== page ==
2015_Tianjin_explosion Credit Eristic-霖璟
Tianjin Port explosion in 2015. Credit Eristic-霖璟

The proliferation of automated terminals around the globe are seeing union pushback, not just because of the loss of jobs, but also because they pose new challenges around safety, according to one union chief.

Speaking exclusively to The Loadstar, president of the International Longshore Workers Union (ILWU) in Canada Rob Ashton said the equipment used on automated terminals all used lithium-ion batteries stored close to operational areas.

“With the amount of batteries this equipment uses it is only a matter of time before something horrific happens,” claimed Mr Ashton.

A li-ion battery fire at an automated terminal could be catastrophic, he said, given that the batteries burn at temperatures in excess of 1,000° C.

“The information I have is once those fires go, it’s basically, let’s make sure as many people are safe as we can,” said Mr Ashton.

Moreover, according to the union, there has been little or no training for dock workers in how to handle the potential risks posed by li-ion battery fires or how cargo with li-ion batteries should be stored.

Mr Ashton said this could be a critical problem for automated terminals, given that they need a lot of batteries to maintain operations, swapping discharged units with fully charged batteries, and those power packs will need to be stored at the terminal.

“So, if that warehouse ever goes up, heaven forbid, the damage would be catastrophic for surrounding communities,” he warned. “And that’s why automation or battery-operated artificial intelligence equipment is not the way to go.”

In addition, Mr Ashton said there were concerns around the mining of lithium and cobalt, the latter a key substance in the production of li-ion batteries.

“I’m not an expert,” said Mr Ashton, “But the conditions in the mines in which the workers source this stuff are horrible.”

According to Mr Ashton, terminal operators should be looking for better and safer ways to ‘green’ the terminal operating business, including the use of hydrogen, which he says is considerably safer and healthier than the electrification through li-ion batteries.

He added: “Hydrogen burns relatively clean, you don’t have the issues with the batteries, you don’t have the issues with the poor miners that are pulling it [minerals] out of the ground and we always keep workers in the seats of the equipment.”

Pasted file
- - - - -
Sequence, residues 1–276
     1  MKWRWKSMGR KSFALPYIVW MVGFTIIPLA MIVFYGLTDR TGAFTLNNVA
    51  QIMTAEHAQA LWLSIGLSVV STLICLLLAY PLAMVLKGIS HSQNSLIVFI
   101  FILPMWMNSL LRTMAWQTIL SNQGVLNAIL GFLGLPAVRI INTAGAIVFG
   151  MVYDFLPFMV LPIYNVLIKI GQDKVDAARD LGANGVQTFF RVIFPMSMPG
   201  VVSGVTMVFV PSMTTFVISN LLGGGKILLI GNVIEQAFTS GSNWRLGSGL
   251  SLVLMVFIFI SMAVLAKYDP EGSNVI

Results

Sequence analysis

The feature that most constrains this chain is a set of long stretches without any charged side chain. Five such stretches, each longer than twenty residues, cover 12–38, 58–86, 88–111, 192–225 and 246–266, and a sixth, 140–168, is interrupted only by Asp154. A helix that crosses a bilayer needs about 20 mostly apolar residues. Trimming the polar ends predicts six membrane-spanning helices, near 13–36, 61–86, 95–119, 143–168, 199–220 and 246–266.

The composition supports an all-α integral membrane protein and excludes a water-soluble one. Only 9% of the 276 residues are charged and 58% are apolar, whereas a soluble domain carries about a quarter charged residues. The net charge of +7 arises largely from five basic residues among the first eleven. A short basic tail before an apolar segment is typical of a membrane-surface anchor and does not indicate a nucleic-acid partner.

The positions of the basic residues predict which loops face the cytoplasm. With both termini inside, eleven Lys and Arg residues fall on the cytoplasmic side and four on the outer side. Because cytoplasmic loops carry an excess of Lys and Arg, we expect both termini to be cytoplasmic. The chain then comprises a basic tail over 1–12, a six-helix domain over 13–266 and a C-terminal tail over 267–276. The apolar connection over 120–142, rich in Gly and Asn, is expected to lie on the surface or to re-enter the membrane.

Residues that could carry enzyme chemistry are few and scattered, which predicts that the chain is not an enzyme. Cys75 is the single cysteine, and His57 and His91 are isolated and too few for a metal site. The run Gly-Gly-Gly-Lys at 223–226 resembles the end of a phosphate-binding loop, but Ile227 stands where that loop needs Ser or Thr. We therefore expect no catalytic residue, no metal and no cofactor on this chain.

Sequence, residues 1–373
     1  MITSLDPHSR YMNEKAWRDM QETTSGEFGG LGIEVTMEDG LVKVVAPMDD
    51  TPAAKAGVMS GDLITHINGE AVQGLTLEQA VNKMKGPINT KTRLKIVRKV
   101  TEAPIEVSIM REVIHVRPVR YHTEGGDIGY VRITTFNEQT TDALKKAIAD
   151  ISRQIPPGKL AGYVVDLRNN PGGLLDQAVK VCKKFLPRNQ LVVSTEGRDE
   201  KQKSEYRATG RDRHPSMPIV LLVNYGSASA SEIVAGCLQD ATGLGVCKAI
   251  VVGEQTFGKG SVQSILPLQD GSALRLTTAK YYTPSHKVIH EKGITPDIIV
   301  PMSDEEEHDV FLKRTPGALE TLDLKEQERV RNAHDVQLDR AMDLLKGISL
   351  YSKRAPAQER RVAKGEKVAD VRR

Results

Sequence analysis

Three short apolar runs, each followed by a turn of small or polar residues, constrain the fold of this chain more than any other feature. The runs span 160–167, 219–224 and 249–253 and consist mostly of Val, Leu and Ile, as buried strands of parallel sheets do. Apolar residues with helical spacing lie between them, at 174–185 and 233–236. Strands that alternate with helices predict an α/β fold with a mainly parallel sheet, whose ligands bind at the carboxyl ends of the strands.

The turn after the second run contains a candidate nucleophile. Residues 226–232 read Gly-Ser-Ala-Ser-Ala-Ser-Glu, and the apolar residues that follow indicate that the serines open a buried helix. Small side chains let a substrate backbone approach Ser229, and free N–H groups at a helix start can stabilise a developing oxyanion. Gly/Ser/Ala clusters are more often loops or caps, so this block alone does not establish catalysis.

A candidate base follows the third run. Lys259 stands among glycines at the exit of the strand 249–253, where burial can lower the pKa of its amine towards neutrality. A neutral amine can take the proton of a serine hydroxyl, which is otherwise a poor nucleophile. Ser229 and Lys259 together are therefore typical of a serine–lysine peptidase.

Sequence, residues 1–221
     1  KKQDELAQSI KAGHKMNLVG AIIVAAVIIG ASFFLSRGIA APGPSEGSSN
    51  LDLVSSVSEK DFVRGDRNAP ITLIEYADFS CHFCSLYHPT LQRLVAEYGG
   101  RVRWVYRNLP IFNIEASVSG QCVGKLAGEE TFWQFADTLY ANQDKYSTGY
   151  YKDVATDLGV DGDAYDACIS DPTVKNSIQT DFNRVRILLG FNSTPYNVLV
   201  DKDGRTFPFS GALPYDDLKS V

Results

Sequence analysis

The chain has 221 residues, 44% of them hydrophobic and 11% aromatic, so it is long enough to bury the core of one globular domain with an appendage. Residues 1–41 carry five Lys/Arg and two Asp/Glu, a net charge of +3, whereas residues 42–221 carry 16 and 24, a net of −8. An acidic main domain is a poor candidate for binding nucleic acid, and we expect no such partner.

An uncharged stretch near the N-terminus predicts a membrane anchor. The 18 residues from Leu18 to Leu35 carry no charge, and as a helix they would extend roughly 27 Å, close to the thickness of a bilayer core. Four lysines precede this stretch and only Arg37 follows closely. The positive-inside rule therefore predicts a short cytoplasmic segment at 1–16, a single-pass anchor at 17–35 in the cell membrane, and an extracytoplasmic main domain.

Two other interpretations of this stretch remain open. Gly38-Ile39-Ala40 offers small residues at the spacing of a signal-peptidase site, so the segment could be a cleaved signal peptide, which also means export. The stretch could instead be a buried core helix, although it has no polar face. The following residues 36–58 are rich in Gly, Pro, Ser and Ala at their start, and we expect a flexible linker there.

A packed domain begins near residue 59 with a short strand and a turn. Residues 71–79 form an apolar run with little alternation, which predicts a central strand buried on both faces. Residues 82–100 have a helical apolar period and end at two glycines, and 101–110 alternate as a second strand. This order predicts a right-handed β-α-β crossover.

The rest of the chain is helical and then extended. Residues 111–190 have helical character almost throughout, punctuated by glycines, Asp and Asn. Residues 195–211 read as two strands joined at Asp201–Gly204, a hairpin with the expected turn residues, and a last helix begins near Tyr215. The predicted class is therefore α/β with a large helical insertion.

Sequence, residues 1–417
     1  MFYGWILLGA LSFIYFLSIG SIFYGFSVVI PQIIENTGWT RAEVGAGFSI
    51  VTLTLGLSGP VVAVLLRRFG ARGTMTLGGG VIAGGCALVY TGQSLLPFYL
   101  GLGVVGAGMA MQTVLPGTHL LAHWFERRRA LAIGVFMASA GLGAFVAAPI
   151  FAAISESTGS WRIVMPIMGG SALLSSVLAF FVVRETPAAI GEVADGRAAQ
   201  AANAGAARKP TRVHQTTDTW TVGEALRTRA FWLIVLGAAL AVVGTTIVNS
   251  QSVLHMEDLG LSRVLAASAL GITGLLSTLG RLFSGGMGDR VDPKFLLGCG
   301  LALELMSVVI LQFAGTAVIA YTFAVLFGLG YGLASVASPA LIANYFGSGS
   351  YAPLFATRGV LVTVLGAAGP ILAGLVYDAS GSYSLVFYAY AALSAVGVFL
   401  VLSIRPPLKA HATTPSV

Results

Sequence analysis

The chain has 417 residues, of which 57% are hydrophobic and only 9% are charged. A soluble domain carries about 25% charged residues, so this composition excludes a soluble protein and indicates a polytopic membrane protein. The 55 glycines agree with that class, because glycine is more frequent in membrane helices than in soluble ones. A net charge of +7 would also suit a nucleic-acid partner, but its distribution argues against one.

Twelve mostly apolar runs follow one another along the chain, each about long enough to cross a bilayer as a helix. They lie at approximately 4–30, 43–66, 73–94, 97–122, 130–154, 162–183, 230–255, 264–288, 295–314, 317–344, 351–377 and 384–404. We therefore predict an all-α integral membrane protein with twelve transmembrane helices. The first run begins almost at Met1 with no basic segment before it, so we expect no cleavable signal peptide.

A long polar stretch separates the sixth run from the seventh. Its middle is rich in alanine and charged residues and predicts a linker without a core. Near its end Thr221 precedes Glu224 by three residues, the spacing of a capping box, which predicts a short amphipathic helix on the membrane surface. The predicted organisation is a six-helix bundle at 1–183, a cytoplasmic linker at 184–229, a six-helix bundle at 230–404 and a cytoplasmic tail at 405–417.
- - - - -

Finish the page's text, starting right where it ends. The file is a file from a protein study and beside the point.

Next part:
Automation is not the panacea the terminal operators say it is, claimed Mr Ashton. Terminal operators from around the world say automation is about sustainability and safety, but “I think that’s a bunch of BS”, he said, “it is more about cutting costs”.

In the ILWU’s view: “All automation does is take money out of the pockets of workers and give it to the corporations. They don’t have to pay wages, they don’t have to pay safety costs, they don’t have to pay pensions or benefits, so they get to pocket all that money… and that’s unacceptable.”

For the union, the major safety concerns around automation terminals mean the proposed terminal at Vancouver’s Roberts Bank should be reconsidered. Unions believe the only safe working conditions will be where workers control machines.

Mr Ashton cites two accidents in Vancouver Port, where two dock workers were killed doing work they would still need to carry out on an automated terminal. He said dock work itself was “inherently dangerous”, and that local union representatives on safety committees should sit down with employers to thrash out safe work procedures.

“When we hammer out safe work procedures, first and foremost we look to make sure our workers are safe and can do the work safely and efficiently, and then we look at what it does to surrounding communities,” explained Mr Ashton.

Ports are part of the communities that they operate in and unions want to be “good neighbours,” he added.

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